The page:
First, imagine the economy is in recession, which means that the economy is contracting, or getting smaller—it’s producing fewer goods and services than it did in the past period. When this happens, the unemployment rate is usually on the rise and inflation might be falling below the Fed’s 2 percent objective. In other words, the economy is moving away from its potential. In such a case, the Fed might use monetary policy to lower interest rates. Here’s why.

  • Lower interest rates decrease the cost of borrowing money, which encourages households to spend on goods and services and firms to invest in new equipment and technology.
  • The increase in consumption spending by households and investment spending by firms increases the overall demand for goods and services in the economy.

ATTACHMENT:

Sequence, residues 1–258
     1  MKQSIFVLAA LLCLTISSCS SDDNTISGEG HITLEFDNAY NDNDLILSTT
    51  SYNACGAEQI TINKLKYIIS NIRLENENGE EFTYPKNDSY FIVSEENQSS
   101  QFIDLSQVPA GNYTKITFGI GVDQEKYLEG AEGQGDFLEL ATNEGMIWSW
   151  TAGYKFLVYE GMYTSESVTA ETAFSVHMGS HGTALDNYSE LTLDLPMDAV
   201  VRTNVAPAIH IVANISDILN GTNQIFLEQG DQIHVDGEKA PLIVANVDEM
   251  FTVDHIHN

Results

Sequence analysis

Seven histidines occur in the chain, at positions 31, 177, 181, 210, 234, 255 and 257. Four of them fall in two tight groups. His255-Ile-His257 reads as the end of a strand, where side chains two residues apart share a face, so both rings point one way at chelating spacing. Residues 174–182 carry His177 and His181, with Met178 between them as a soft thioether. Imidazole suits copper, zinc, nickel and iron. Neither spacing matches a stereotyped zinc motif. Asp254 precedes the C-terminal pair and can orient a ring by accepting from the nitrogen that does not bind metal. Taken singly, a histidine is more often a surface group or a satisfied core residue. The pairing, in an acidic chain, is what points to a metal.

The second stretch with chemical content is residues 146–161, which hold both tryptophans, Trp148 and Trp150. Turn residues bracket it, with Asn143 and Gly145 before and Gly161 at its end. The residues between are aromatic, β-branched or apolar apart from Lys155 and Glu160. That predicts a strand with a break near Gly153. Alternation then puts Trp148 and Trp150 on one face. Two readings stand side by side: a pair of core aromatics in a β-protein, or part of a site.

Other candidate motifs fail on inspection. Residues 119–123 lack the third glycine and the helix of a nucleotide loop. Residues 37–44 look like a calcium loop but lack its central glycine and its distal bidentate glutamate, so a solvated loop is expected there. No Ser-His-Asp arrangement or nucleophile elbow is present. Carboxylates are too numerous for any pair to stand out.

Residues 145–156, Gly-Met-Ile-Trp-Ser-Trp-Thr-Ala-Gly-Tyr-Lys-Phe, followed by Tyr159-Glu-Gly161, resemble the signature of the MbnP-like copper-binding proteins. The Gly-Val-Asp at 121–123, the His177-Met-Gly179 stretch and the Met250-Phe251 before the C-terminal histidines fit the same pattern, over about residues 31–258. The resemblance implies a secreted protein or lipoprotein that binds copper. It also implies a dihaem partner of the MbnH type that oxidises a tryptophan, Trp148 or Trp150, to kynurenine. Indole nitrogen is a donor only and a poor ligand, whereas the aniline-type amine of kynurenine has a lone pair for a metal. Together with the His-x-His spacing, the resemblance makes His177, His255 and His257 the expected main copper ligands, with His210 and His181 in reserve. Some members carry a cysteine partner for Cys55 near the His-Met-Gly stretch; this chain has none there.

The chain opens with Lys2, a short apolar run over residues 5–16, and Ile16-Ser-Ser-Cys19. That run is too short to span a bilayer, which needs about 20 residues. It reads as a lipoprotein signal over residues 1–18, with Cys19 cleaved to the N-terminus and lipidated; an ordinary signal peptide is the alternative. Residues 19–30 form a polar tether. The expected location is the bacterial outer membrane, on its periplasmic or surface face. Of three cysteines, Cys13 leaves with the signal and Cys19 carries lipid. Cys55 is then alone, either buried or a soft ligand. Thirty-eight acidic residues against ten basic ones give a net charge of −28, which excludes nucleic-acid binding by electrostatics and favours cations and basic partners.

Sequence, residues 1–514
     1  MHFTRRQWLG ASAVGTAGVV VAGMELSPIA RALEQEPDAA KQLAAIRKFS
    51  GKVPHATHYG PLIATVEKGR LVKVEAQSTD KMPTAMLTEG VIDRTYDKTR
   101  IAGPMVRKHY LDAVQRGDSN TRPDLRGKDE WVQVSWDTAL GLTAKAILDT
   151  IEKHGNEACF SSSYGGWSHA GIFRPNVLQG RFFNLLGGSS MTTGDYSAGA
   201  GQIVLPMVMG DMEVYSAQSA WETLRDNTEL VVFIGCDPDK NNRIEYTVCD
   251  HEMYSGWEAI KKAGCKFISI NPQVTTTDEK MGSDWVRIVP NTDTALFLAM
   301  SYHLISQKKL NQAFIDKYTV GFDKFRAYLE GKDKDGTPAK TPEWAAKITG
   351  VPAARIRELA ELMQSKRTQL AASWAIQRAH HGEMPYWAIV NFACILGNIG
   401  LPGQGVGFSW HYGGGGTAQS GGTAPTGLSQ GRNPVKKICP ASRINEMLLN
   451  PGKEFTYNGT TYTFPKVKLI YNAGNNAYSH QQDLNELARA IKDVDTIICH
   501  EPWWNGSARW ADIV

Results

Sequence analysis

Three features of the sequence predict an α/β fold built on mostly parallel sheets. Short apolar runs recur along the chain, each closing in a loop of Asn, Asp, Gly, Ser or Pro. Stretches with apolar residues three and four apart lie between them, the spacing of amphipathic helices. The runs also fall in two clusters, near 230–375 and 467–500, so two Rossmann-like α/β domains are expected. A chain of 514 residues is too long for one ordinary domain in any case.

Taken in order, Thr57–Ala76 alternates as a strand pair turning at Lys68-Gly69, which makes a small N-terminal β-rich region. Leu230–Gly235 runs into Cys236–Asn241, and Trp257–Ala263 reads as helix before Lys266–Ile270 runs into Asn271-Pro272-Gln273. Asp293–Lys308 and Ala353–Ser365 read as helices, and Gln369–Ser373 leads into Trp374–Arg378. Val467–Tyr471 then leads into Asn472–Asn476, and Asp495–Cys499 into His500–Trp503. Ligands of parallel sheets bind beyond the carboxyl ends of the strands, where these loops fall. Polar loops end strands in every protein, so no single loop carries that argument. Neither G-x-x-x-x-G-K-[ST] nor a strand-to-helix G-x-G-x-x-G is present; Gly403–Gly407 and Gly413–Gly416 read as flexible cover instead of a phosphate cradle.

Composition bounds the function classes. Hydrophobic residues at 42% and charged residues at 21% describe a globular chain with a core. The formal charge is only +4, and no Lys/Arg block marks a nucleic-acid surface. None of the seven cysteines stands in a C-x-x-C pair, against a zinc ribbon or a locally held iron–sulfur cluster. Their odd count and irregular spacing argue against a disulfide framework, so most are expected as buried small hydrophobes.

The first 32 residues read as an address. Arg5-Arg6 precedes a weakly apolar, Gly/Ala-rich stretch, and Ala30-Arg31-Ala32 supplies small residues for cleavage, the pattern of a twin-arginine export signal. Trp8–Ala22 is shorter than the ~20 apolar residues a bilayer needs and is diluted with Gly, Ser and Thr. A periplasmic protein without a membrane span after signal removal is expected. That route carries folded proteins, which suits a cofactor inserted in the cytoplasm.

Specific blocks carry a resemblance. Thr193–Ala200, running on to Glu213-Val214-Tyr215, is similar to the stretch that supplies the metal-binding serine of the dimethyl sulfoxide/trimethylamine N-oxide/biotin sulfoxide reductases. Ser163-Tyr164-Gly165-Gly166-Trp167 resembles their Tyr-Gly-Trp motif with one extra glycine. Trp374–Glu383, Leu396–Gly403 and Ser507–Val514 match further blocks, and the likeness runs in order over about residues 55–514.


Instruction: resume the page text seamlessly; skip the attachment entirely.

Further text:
• Businesses respond to this increase in spending by increasing their production of goods and services.
  • With increased production, businesses are likely to hire additional employees and spend more on other resources.
  • As employment increases and more people earn more income, they will likely increase their spending on goods and services.
  • As this increase in spending ripples through the economy, the unemployment rate decreases; moving back toward full employment.
  • If inflation has fallen below the Fed’s target, the increase in spending will help move the inflation rate back toward 2 percent.
  • As the economy returns to a healthy state, the Federal Reserve would use monetary policy to move interest rates back to a more neutral level.

However, at some point, spending by households and firms might exceed the economy’s ability to produce goods and services. At this point, inflation might start to rise above the Fed’s 2 percent objective. How can the Fed reduce the inflation rate?